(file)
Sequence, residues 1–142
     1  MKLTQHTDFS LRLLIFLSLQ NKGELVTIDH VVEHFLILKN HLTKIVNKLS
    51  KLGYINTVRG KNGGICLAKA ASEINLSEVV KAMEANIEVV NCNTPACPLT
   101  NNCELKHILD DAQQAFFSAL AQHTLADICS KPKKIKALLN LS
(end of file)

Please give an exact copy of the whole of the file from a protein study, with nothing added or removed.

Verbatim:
Sequence, residues 1–142
     1  MKLTQHTDFS LRLLIFLSLQ NKGELVTIDH VVEHFLILKN HLTKIVNKLS
    51  KLGYINTVRG KNGGICLAKA ASEINLSEVV KAMEANIEVV NCNTPACPLT
   101  NNCELKHILD DAQQAFFSAL AQHTLADICS KPKKIKALLN LS